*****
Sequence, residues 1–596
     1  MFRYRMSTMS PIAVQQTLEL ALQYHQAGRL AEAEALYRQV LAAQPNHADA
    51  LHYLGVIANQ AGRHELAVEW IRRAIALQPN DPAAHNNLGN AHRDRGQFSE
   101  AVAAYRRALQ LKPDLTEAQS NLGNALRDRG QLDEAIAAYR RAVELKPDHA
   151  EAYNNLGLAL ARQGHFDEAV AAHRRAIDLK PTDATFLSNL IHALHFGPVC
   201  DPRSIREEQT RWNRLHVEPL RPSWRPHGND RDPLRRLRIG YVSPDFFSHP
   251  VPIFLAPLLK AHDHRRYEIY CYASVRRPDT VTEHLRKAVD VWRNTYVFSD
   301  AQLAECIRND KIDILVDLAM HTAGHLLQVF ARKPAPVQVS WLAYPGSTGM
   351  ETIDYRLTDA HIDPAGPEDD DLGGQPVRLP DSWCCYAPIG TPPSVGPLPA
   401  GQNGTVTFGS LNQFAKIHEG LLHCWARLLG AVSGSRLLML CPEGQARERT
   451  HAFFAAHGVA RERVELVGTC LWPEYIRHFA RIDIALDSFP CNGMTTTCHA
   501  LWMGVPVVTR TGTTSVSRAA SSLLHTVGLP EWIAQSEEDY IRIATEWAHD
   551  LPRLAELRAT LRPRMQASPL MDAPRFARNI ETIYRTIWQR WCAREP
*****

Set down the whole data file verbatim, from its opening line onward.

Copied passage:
Sequence, residues 1–596
     1  MFRYRMSTMS PIAVQQTLEL ALQYHQAGRL AEAEALYRQV LAAQPNHADA
    51  LHYLGVIANQ AGRHELAVEW IRRAIALQPN DPAAHNNLGN AHRDRGQFSE
   101  AVAAYRRALQ LKPDLTEAQS NLGNALRDRG QLDEAIAAYR RAVELKPDHA
   151  EAYNNLGLAL ARQGHFDEAV AAHRRAIDLK PTDATFLSNL IHALHFGPVC
   201  DPRSIREEQT RWNRLHVEPL RPSWRPHGND RDPLRRLRIG YVSPDFFSHP
   251  VPIFLAPLLK AHDHRRYEIY CYASVRRPDT VTEHLRKAVD VWRNTYVFSD
   301  AQLAECIRND KIDILVDLAM HTAGHLLQVF ARKPAPVQVS WLAYPGSTGM
   351  ETIDYRLTDA HIDPAGPEDD DLGGQPVRLP DSWCCYAPIG TPPSVGPLPA
   401  GQNGTVTFGS LNQFAKIHEG LLHCWARLLG AVSGSRLLML CPEGQARERT
   451  HAFFAAHGVA RERVELVGTC LWPEYIRHFA RIDIALDSFP CNGMTTTCHA
   501  LWMGVPVVTR TGTTSVSRAA SSLLHTVGLP EWIAQSEEDY IRIATEWAHD
   551  LPRLAELRAT LRPRMQASPL MDAPRFARNI ETIYRTIWQR WCAREP